Optimization is typically relevant on the innermost loop mainly. For our purpose, two "basic" instructions in the innermost loop are relevant, if we get rid of all other details:

  • v(i) = v(i) + x*u(i) (the jki loop)
  • s = s + x(k)*y(k) (the accumulator loop where y is contiguous in memory, but not x)

The first is usually called a "daxpy" (from the name of a BLAS routine), for "A X Plus Y", the "D" meaning double precision. The second one is just an accumulator.

On an old sequential processor, there is not much to be done to optimize. On a modern processor with SIMD, registers can hold several values, and computations can be done on all of them at once, in parallel. For instance, on x86, an XMM register (from SSE instruction set) can hold two double precision floating-point numbers. A YMM register (from AVX2) can hold four numbers, and a ZMM register (AVX512, found on Xeon) can hold eight numbers.

For instance, on YMM the innermost loop will be "unrolled" to deal with four vector elements at a time (or even more if using several registers).

Here is what the basic loop block is then roughly doing:

daxpy case:

  • Read 4 numbers from u into register YMM1
  • Read 4 numbers from v into register YMM2
  • x is constant and is kept in another register
  • Multiply in parallel x with YMM1, add in parallel to YMM2, put the result in YMM2
  • Write back the result to corresponding elements of v

The read/write part is faster if the elements are contiguous in memory, but if they are not it's still worth doing this in parallel.

Note that here, we haven't changed the execution order of additions of the high level Fortran loop.

accumulator case

For the parallelism to be useful, there will be a trick: accumulate four values in parallel in a YMM register, and then add the four accumulated values.

The basic loop block is thus doing this:

  • The accumulator is kept in YMM3 (four numbers)
  • Read 4 numbers from X into register YMM1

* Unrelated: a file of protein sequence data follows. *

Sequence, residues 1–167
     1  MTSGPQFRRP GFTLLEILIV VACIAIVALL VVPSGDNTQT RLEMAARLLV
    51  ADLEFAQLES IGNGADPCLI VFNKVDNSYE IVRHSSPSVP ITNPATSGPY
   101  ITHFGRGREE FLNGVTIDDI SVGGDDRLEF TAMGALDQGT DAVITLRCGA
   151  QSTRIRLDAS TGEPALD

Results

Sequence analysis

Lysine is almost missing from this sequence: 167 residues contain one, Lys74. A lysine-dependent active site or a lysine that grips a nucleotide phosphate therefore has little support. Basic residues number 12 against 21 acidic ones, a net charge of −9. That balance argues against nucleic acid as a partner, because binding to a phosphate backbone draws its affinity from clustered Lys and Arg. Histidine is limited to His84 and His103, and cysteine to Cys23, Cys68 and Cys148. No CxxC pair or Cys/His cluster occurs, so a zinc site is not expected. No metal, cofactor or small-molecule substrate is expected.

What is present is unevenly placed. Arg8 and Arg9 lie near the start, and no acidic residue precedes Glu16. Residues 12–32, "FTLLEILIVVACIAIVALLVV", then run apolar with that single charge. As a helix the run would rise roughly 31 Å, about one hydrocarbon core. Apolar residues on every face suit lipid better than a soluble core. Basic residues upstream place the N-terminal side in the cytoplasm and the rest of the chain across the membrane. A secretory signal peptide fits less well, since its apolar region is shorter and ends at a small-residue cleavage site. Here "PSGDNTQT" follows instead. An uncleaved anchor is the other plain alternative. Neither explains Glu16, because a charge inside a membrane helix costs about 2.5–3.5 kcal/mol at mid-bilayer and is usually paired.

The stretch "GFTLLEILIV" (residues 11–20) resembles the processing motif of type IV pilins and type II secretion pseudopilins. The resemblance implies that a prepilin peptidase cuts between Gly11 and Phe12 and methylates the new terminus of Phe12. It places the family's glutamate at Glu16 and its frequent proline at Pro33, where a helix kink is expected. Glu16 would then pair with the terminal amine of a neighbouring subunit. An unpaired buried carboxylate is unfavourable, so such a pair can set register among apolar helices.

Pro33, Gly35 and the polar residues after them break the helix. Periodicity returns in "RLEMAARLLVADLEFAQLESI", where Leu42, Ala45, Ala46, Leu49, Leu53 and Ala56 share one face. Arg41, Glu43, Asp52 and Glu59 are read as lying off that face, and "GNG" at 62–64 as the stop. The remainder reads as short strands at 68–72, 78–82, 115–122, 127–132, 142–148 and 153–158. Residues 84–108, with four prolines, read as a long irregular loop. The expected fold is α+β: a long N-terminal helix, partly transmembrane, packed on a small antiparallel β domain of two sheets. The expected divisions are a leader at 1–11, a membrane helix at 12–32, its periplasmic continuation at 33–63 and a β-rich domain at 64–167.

• Read 4 numbers from Y into register YMM2
  • Multiply in parallel YMM1 with YMM2, add in parallel to YMM3

At the end of the innermost loop, add the four components of the accumulator, and write this back as the matrix element.

It's like if we had computed:

  • s1 = x(1)*y(1) + x(5)*y(5) + ... + x(29)*y(29)
  • s2 = x(2)*y(2) + x(6)*y(6) + ... + x(30)*y(30)
  • s3 = x(3)*y(3) + x(7)*y(7) + ... + x(31)*y(31)
  • s4 = x(4)*y(4) + x(8)*y(8) + ... + x(32)*y(32)

And then the matrix element written is c(i,j) = s1+s2+s3+s4.

Here the order of additions has changed! And then, since the order is different, the result is very likely different.

2

I can replicate the results when using fast math (I have Intel Fortran), and when I compile with the default /fp:fast I get the following max error and speed

!            Error            Loops           Matmul
!      0.58208E-10         107526.9         140056.0        FAST

The error is just maxval(abs(diff)) speed measured is in # of matrix operations per second.

But when I compile with /fp:strict then I get no error, but a slowdown with the loops

!            Error            Loops           Matmul
!           0.0000          43140.6         141844.0        STRICT

I see a -60% slowdown in the loops with strict floating-point handling, but surprisingly no slowdown with the matmul() function.


Source Code for completeness

program Console1
use iso_fortran_env
implicit none
integer,parameter :: nr = 100000
integer,parameter::nx=64,ny=32,nz=16
real(real64)::mat1(nx,ny),mat2(ny,nz)
real(real64)::result1(nx,nz),result2(nx,nz),diff(nx,nz)
real(real64)::localsum
integer::i,j,r
integer(int64) :: tic, toc, rate
real(real64) :: dt1, dt2

    do i=1,ny
        do j=1,nx
            mat1(j,i)=dble(j)/7d0+2.65d0*dble(i)
        enddo
    enddo
    do i=1,nz
        do j=1,ny
            mat2(j,i)=5d0*dble(j)-dble(i)*0.45d0
        enddo
    enddo

    call SYSTEM_CLOCK(tic,rate)
    do r=1, nr
        result1=mymatmul(mat1,mat2)
    end do
    call SYSTEM_CLOCK(toc,rate)
    dt1 = dble(toc-tic)/rate
    
    call SYSTEM_CLOCK(tic,rate)
    do r=1, nr
        result2=matmul(mat1,mat2)
    end do
    call SYSTEM_CLOCK(toc,rate)
    dt2 = dble(toc-tic)/rate
    
    diff=result2-result1
    print ('(1x,a16,1x,a16,1x,a16)'), "Error", "Loops", "Matmul"
    print ('(1x,g16.5,1x,f16.1,1x,f16.1)'), maxval(abs(diff)), nr/dt1, nr/dt2
    
    
    !            Error            Loops           Matmul
    !      0.58208E-10         107526.9         140056.0        FAST
    !           0.0000          43140.6         141844.0        STRICT
    !
contains

pure function mymatmul(a,b) result(c)
real(real64), intent(in) :: a(:,:), b(:,:)
real(real64) :: c(size(a,1), size(b,2))
integer :: i,j,k
real(real64) :: sum

    do j=1, size(c,2)
        do i=1, size(c,1)
            sum = 0d0
            do k=1, size(a,2)
                sum = sum + a(i,k)*b(k,j)
            end do
            c(i,j) = sum
        end do
    end do    
end function


end program Console1

Always compiled as Release-x64 and not Debug.

1
  • It comes from the /fp:precise flag, that is implied by /fp:strict. When enabled, the manual says: "Disable optimizations that are not value-safe on floating point data and rounds intermediate results to source-defined precision". By checking the assembly, you will see that only scalar SSE instructions are then used, not the parallel ones. With the "jki" loop, however, the compiler is still able to use them. Aug 29, 2021 at 8:07